Rikers Island Drama: Union Backs Adams vs. Federal Rule!

Rikers Island Drama: Union Backs Adams vs. Federal Rule!

The Correction Officers’ Benevolent Association is standing firmly behind Mayor Eric Adams in his effort to prevent a federal court takeover of Rikers Island, arguing that the violence-ridden jail would only become more perilous under external control. Lynelle Maginley-Liddie, the Correction Commissioner, has demonstrated her commitment to implementing court-ordered reforms at Rikers since her appointment in December by Adams, as highlighted in legal filings submitted on April 2. The union contended that placing Rikers under the jurisdiction of a court-appointed “receiver” would leave the Department of Correction in a state of limbo, labeling the move as regressive.

The call for a federal court takeover was initiated by Manhattan US Attorney Damien Williams and the Legal Aid Society, who argued that such intervention is necessary due to the city’s alleged failure to enact essential changes to reduce instances of excessive force by correction officers towards inmates. The union vehemently opposed this move, emphasizing that it would lead to chaos, undo recent progress, worsen staffing shortages, and damage morale among officers.

Furthermore, the union asserted that Rikers’ current population of 5,600 inmates is notably more violent than in 2015 when the city endorsed a landmark settlement plan, attributing this increase in violence partially to a higher number of mentally ill individuals in custody. The Correction Officers’ Benevolent Association raised concerns over the escalating risks associated with the potential federal intervention.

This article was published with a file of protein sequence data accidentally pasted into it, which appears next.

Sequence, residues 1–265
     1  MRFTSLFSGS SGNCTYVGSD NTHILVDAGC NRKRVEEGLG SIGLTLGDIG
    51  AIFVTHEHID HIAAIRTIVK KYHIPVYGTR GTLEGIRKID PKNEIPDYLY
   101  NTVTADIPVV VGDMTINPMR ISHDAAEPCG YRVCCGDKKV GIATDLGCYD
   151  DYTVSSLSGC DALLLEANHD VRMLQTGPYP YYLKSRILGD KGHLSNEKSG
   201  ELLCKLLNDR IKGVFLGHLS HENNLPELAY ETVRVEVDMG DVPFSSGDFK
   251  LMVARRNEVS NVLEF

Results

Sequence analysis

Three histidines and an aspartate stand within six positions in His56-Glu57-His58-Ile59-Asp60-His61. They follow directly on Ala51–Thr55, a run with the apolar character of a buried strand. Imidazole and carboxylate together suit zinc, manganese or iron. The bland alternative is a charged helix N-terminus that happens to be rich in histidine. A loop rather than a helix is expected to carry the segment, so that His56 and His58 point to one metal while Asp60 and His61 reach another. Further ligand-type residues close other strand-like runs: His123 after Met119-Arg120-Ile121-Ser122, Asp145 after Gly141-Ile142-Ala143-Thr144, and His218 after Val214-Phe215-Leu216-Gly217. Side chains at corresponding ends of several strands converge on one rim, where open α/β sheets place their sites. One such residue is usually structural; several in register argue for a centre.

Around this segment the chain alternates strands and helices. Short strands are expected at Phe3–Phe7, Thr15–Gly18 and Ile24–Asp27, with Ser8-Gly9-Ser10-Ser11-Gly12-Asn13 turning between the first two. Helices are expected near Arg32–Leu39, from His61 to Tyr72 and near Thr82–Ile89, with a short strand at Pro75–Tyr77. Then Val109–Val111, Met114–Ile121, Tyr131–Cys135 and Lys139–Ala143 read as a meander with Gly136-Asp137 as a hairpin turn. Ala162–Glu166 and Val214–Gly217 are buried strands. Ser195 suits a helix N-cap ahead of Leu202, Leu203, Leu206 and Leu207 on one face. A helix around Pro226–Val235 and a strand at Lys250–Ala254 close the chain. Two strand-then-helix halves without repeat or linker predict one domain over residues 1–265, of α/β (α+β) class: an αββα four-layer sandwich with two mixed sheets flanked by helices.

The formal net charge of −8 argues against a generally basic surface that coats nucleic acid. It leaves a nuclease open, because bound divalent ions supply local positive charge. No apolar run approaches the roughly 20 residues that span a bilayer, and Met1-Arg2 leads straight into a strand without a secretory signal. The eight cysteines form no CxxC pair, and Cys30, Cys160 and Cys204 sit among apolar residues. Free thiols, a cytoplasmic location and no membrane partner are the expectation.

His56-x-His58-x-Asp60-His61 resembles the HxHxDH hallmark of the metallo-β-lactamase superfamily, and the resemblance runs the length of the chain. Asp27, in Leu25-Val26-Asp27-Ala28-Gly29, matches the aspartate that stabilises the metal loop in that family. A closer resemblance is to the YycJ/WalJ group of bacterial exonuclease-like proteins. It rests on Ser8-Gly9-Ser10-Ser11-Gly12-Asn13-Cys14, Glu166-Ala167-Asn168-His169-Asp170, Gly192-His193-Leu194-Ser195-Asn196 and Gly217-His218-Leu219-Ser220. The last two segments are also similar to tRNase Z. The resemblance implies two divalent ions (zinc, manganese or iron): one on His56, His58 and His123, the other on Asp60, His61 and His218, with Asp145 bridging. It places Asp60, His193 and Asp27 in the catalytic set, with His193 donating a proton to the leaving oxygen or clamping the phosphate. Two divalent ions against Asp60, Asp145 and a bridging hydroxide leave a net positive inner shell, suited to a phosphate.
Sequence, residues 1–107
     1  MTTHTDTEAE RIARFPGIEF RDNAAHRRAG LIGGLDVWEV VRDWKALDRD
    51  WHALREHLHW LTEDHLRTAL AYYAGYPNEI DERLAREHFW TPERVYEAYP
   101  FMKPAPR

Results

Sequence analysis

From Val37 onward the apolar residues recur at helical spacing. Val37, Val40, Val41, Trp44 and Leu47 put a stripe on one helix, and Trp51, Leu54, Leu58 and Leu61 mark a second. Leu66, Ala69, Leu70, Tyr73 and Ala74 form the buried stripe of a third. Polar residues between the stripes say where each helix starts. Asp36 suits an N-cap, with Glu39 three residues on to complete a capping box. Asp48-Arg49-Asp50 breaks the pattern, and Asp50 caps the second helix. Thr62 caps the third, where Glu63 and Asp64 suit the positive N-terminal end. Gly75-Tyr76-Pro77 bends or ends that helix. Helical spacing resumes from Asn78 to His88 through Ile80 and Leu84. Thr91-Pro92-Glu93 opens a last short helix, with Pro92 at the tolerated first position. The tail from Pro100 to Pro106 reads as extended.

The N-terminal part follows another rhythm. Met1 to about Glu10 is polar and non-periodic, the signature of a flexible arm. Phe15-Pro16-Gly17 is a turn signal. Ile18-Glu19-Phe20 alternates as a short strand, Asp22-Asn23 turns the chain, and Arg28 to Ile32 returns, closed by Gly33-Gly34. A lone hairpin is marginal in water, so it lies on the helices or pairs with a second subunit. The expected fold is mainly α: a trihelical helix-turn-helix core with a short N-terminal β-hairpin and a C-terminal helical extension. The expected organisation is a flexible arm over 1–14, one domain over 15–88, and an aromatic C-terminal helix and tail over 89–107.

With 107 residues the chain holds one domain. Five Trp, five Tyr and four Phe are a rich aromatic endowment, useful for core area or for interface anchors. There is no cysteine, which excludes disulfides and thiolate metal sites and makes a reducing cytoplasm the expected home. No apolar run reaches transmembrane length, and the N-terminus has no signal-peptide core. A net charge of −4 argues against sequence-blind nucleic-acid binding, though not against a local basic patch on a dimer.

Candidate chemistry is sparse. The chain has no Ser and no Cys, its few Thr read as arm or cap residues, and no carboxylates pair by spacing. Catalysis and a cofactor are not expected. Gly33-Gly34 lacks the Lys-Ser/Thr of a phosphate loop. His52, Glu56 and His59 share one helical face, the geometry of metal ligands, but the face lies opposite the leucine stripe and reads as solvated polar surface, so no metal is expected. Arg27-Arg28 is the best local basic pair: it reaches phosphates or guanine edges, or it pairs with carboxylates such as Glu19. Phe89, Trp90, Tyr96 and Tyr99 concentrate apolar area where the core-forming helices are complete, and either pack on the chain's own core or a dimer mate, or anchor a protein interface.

Notably, the correction officer workforce has experienced a 35% decline since 2020, dwindling to 5,700 employees due to hiring freezes. The union commended Maginley-Liddie for her relentless efforts in recruiting new officers since assuming her role, emphasizing the critical importance of maintaining adequate staffing levels to ensure the safety and security of correctional facilities.

In light of the existing settlement agreement facilitated by a court-appointed monitor, which aimed to address longstanding allegations of correction officers employing excessive force, the city pledged to undertake comprehensive reforms. However, Williams requested Manhattan federal Judge Laura Taylor Swain to transfer control of Rikers to an independent authority in response to perceived stagnation in policy changes aimed at curbing violence within the Department of Correction under the leadership of former Commissioner Louis Molina.

Judge Swain is expected to rule on the receivership motion as early as July, with the outcome carrying significant implications for the future administration of Rikers Island and the ongoing efforts to enhance safety and accountability within the correctional system.


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